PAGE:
Add Mardi Gras flavor to your menu


No one really knows where the Mardi Gras celebration started. Its roots go back to primitive times, when the approaching spring gave cause for raucous merrymaking. Later, the Greeks and Romans turned the observance into wild bacchanals.

The concerned Christian church tried unsuccessfully to stamp out the practice. A new tactic was tried: If you can't beat them, join them. The feast was absorbed into church ritual with the added ecclesiastical overtones of fasting and penance. The blowout became known as "carnelevarre," Latin for "farewell to flesh." This was the signal to have one last fling before settling down to be good.

New Orleans' world-famous festival is said to have begun in March 1699, when a party of homesick French explorers popped open champagne for America's first Mardi Gras. The French term means fat (gras) Tuesday (Mardi), the day before Ash Wednesday. The wild parades, floats, noisemakers and costumes all came much later.

Most of the people clogging the streets of the French Quarter are visitors. The natives have more discreet private parties that often go on for several days, moving from one elegant home to another.

You don't have to be in New Orleans, and you don't have to have an elegant home, to celebrate Mardi Gras, which falls on March 3 this year. All you need is the spirit to have a good party and eat some awfully good food, usually quite rich.

Keep in mind that the traditional colors of Mardi Gras are green, gold and purple, symbolizing faith, power and justice, respectively. If dinner will be buffet, which is best for a Mardi Gras party, use the streamers in those colors on all the tables.

Sprinkle play coins over the tables as souvenirs of doubloons, the coins tossed at carnival spectators by the costumed people riding on the floats. Beads, beads and more many-colored glass beads bring in yet another exuberant New Orleans' tradition.

Creole cooking, of course, should be featured. Etouffes and jambalayas are among the best-known Creole dishes. The first means smothered, as with a sauce or liquid, usually with a brown roux base. The latter is a rice dish highly seasoned and strongly flavored with any combination of beef, pork, fowl, smoked sausage or seafood.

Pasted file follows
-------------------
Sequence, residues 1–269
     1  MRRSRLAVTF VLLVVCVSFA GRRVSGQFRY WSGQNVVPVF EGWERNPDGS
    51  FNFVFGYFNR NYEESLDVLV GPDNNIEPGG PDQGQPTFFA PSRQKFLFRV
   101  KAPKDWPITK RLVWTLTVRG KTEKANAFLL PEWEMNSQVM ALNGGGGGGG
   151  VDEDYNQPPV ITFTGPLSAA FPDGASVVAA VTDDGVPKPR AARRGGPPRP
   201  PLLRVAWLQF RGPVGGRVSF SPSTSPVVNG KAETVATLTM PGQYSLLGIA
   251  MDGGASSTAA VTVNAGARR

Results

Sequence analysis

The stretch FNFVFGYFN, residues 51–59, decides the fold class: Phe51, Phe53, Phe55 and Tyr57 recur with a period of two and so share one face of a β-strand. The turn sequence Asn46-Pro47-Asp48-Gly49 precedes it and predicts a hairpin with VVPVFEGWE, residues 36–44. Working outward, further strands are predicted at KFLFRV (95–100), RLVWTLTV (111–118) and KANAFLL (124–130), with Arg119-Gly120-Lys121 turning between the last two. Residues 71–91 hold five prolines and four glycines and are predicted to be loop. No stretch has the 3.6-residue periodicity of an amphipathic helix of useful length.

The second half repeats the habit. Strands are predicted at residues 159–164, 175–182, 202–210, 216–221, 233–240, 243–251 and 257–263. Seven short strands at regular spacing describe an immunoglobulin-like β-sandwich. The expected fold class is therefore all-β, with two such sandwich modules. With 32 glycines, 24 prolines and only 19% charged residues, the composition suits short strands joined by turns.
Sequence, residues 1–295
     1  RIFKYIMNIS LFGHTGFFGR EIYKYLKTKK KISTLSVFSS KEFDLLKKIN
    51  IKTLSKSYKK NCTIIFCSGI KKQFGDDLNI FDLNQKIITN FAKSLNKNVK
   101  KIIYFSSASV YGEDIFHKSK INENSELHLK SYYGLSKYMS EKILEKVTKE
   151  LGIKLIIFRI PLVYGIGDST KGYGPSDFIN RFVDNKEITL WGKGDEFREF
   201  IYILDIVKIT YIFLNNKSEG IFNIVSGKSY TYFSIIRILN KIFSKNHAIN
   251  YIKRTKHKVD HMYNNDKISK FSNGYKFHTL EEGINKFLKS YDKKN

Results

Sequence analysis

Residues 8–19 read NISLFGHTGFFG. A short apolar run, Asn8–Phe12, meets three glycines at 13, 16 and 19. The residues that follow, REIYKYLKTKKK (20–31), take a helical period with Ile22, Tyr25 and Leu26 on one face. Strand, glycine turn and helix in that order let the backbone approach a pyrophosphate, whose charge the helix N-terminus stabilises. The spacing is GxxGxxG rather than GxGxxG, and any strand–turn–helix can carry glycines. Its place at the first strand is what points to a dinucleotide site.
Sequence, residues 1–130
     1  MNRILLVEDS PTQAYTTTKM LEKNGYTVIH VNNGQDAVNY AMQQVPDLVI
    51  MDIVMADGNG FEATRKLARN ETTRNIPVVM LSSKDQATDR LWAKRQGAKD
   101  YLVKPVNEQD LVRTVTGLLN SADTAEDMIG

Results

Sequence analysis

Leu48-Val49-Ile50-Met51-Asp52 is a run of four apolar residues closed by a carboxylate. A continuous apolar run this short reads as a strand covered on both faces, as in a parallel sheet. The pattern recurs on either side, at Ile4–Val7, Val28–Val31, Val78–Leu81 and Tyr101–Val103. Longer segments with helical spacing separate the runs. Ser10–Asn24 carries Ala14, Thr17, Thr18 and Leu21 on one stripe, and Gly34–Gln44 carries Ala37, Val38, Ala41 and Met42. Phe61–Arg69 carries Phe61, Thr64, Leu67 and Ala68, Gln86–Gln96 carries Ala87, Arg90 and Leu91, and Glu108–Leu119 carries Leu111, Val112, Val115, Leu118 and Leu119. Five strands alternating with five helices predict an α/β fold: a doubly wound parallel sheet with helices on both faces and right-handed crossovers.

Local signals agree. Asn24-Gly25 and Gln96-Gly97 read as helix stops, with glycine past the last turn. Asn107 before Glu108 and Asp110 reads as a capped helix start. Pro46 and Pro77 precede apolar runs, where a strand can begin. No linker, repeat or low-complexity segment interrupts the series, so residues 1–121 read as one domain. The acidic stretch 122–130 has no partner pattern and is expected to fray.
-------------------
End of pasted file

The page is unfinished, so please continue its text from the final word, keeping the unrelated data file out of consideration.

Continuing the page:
Orange-glazed baked hams often are on the buffet table as well. Vegetables usually include eggplant, rice, okra and beans. Don't forget a huge tossed salad.

There are two traditional desserts: crepes, those paper-thin pancakes with an orange paste filling and the galette du roi, the king's cake. The cake is a rich yeast dough containing candied fruit, iced in several colors, and containing a bean or pecan half. ,, Whoever finds this treasure in his or her portion is declared king or queen.

Now if you really want to serve a Fat Tuesday dish, try this snappy cheese and hot pepper chicken from that classic Creole cookbook "Chef Paul Prudhomme's Louisiana Kitchen" (William Morrow). Lean, this recipe is not.

Cheese and hot pepper chicken

! Makes 8 servings.


1 tablespoon salt

1 teaspoon onion powder

1 teaspoon garlic powder

1 teaspoon dry mustard

1 teaspoon ground red pepper

1/2 teaspoon white pepper

1/2 teaspoon ground cumin

1/2 teaspoon black pepper

1/2 teaspoon dried thyme

1/2 teaspoon dried oregano

* 1/4 teaspoon ground cinnamon


1 1/4 cups flour

2 (2 1/2 - to 3-pound) chickens, cut into 16 pieces, room temperature

vegetable oil for frying

2 2/3 cups chopped green bell peppers (divided use)

2 cups chopped onions

1 cup chopped green chilies

2 bay leaves

2 teaspoons salt

2 teaspoons minced garlic

1 1/2 teaspoons ground red pepper

3/4 teaspoon white pepper

3/4 teaspoon black pepper

2 tablespoons finely chopped jalapeno pepper

4 cups chicken stock

1 1/2 cups heavy cream

1 cup sour cream

1 1/2 cups grated Monterey Jack cheese

1 1/2 cups grated Cheddar cheese

4 cups hot cooked rice

Combine seasoning mix in small bowl. Combine 1 tablespoon of seasoning mix with flour in a plastic or paper bag. Remove excess fat from chicken and sprinkle with remaining seasoning mix, patting it in by hand. Dredge chicken in seasoned flour; reserve leftover flour.

Heat 1/2 inch of oil in large skillet, preferably not non-stick, to 350 degrees. Fry chicken in batches, skin side down first, just until light brown and crispy, about 2 to 4 minutes per side. Lower heat if drippings in pan start to brown. Drain chicken on paper towels.

Carefully pour hot oil into glass measuring cup, leaving as much sediment as possible in the skillet; return 1/2 cup hot oil to skillet. Add 2 cups of bell peppers, onions and 2/3 cup of the green chilies; turn heat to high and stir well to mix vegetables with sediment in the pan. Cook until onions start to brown, 6 to 8 minutes, stirring occasionally. Add bay leaves, salt, minced garlic and the red, white and black peppers; stir well.

Then sprinkle 3 tablespoons of reserved flour on vegetable mixture and stir thoroughly. Stir in jalapeno pepper and cook about 2 minutes, stirring occasionally (lower heat if sticking excessively). Stir in 1 cup of stock and scrape pan bottom well. Stir in 2 cups more stock and stir. Remove from heat.

Place chicken in a 5 1/2 -quart pot or large Dutch oven. Add vegetable mixture (can be prepared in advance up to this point, covered, and refrigerated), then remaining 1 cup stock; stir well. Bring to a boil, and then simmer over low heat for 15 minutes, stirring occasionally and being careful not to let mixture scorch.

Add remaining 2/3 cup bell peppers, 1/3 cup green chilies, the cream and sour cream. Bring to boil over medium heat, stirring fairly constantly. Then stir in the cheeses and cook just until cheese melts, stirring constantly. Serve immediately, allowing about 1/2 cup rice and 2 pieces of chicken per serving, topped with about 2/3 cup sauce.

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